Swedish child murder suspect arrested

A 31-year-old woman from Stockholm suspected of the brutal murder of two small children in Arboga in central Sweden has been arrested in Germany.

A 1-year-old girl and her 3-year-old brother were stabbed to death in Monday evening.

The children’s 23-year-old mother was also seriously injured in the attack.

The main suspect in the case handed herself over to police in Germany at around 5pm on Thursday after an international warrant had been put out for her arrest earlier in the day.

“She stopped a police car and said she believed the police were searching for her,” Thomas Klinger, a spokesman for the German prosecutor’s office, told Aftonbladet.

The woman was being held for questioning in Hanover, said Klinger. She had not confessed to the crimes of which she was accused, he added.

A decision is to be taken tomorrow as to whether the suspect should be extradited to Sweden.

The suspect is a foreign national and lives in the Stockholm region. She travelled to Germany on Tuesday evening, one day after the double murder in Arboga, a family member told news agency TT.

Several websites contain pictures and information showing strong ties between the woman and the injured mother’s new live-in boyfriend.

Two police technicians from Västmanland county have been examining the woman’s apartment in a suburb south of Stockholm.

Investigators have now cleared the children’s 28-year-old father, initially the prime suspect, of any involvement in the case.

Prosecutor Frieda Gummesson submitted the new warrant on Thursday morning. Shortly before noon police stated that they had not taken any coercive measures or carried out any home searches in the hunt for the suspect.

The children and their mother were found with serious stab wounds at their home in Arboga on Monday evening. The children later died from their injuries.

Police have not yet been able to speak to the mother, who was seriously injured and remains under observation at Uppsala University Hospital.

According to the newspaper Stockholm City, several guards are on duty outside the victim’s room.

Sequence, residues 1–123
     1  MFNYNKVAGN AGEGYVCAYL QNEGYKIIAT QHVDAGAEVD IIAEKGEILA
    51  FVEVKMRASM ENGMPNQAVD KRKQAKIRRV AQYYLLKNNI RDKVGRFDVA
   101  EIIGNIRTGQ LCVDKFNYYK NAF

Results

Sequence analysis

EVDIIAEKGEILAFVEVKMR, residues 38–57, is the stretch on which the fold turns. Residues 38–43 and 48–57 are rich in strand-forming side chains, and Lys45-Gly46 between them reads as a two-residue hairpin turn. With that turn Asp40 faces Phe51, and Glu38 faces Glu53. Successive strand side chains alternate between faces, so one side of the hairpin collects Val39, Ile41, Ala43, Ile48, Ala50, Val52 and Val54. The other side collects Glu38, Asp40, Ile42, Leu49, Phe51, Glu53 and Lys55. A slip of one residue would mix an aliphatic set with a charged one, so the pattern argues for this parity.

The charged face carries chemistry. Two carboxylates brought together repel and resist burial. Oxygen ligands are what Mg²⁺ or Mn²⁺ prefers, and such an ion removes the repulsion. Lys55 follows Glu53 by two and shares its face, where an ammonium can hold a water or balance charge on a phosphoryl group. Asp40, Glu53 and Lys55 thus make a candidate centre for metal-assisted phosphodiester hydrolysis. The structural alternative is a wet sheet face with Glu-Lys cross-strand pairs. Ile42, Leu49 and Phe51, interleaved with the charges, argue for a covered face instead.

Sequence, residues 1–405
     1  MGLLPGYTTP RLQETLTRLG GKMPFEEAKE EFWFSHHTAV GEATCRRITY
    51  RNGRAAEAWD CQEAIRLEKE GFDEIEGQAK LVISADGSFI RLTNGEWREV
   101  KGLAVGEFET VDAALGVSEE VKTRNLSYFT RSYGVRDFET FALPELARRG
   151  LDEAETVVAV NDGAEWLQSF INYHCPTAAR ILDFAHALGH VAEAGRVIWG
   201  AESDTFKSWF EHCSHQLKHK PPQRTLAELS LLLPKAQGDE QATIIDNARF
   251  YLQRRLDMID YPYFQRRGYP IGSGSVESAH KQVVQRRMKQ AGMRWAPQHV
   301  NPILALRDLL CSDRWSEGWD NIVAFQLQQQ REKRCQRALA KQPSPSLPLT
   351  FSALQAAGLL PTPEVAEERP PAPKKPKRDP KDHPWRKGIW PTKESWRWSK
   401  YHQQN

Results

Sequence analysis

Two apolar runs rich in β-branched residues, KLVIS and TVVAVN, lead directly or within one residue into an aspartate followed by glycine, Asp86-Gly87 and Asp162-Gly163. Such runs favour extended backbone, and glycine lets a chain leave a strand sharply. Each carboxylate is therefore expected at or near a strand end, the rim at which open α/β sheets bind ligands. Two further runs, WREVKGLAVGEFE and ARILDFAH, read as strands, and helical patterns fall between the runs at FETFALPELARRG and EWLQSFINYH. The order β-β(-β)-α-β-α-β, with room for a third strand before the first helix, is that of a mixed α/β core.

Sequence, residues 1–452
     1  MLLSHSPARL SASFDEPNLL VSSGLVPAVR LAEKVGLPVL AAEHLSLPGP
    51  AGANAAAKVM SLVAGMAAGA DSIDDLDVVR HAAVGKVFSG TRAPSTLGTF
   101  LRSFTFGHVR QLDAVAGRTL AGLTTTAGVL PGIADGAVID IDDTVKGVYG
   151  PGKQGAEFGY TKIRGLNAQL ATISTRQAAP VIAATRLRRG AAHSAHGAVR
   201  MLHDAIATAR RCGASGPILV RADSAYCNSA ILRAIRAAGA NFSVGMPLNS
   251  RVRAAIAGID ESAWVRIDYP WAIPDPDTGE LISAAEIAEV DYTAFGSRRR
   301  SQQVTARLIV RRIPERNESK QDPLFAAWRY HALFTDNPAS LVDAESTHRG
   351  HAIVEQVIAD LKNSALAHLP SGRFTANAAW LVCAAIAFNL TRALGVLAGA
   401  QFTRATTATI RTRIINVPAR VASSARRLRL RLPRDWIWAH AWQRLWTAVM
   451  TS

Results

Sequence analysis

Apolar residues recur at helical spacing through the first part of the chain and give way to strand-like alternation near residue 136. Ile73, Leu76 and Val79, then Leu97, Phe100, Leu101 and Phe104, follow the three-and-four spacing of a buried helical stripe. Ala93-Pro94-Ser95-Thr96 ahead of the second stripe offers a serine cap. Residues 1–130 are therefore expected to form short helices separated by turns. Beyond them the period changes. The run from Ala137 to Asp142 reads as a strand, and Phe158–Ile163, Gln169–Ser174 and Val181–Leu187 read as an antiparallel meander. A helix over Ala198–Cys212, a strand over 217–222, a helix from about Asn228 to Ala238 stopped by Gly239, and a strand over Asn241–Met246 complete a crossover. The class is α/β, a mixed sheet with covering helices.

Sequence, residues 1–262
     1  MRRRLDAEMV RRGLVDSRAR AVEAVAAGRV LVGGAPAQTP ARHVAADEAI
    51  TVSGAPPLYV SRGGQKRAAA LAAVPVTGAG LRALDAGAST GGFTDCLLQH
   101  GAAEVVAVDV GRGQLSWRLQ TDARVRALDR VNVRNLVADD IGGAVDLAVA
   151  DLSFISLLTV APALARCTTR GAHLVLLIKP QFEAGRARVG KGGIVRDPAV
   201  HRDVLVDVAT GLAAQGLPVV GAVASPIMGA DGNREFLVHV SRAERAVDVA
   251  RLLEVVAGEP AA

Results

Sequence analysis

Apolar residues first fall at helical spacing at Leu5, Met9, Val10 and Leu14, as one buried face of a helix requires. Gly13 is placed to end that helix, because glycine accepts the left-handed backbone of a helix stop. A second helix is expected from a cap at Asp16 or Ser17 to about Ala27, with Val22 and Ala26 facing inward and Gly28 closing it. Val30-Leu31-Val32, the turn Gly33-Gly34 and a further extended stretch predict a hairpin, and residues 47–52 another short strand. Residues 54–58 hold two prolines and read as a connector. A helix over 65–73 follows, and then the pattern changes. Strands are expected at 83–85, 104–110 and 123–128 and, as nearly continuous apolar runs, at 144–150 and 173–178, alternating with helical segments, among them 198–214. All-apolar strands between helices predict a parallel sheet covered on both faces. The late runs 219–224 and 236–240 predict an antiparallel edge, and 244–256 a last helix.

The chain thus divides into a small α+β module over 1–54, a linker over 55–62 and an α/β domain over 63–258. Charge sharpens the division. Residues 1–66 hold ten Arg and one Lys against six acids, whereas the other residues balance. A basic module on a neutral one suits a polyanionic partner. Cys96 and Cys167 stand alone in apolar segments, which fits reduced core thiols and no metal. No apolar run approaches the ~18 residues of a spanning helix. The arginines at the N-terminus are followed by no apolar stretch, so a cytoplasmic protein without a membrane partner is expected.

“We need to make sure that the woman is safe and undisturbed,” said police spokesperson Börje Strömberg.

He points out that there are no specific threats against the woman but that doesn’t mean that the perpetrator might not make another attempt to harm her.

“Since the man who was previously head denied any involvement we were forced to look at other alternatives and it is within that context that we became interested in the current suspect,” said Strömberg.



101-year-old former Nazi guard pleads innocent in German trial

A 101-year-old former Nazi concentration camp guard on Monday once again denied being complicit in war crimes during the Holocaust as his trial drew to a close in Germany.

101-year-old former Nazi guard pleads innocent in German trial

Josef Schütz, the oldest person so far to face trial over Nazi crimes during World War II, is accused of involvement in the murders of 3,518 prisoners at the Sachsenhausen camp in Oranienburg, north of Berlin, between 1942 and 1945.

The pensioner, who now lives in Brandenburg state, has pleaded innocent throughout the trial, saying he did “absolutely nothing” and was not aware of the gruesome crimes being carried out at the camp.

“I don’t know why I am here,” he said again at the close of the proceedings, his voice wavering.

Dressed in a grey shirt and pyjama bottoms and sitting in a wheelchair, Schütz insisted he had had nothing to do with the atrocities and was “telling the truth”.

READ ALSO: Ex-Nazi death camp secretary who fled trial to face court in Germany

Prosecutors say he “knowingly and willingly” participated in the crimes as a guard at the camp and are seeking to punish him with five years behind bars.

But Schütz’s lawyer, Stefan Waterkamp, said that since there were no photographs of him wearing an SS uniform, the case was based on “hints” of his possible involvement.

“As early as 1973, investigators had information about him but did not pursue him. At the time, witnesses could have been heard but now they are all dead or no longer able to speak,” Waterkamp said.

Former Nazi guard

The 101-year-old former Nazi guard covers his face at the Neuruppin courthouse. Photo: picture alliance/dpa | Fabian Sommer

It would be a mistake for the court to try to “make up for the mistakes of a previous generation of judges”, the lawyer said.

Antoine Grumbach, 80, whose father died in Sachsenhausen, told AFP Schuetz “does not want to remember”, calling it “a form of defence”.

The trial was not just about “putting a centenarian in prison”, he said. It had also produced evidence that Sachsenhausen was an “experimental extermination camp”.

“All the cruellest methods were invented there and then exported,” Grumbach said.

READ ALSO: Trials of aging Nazis a ‘reminder for the present’, says German prosecutor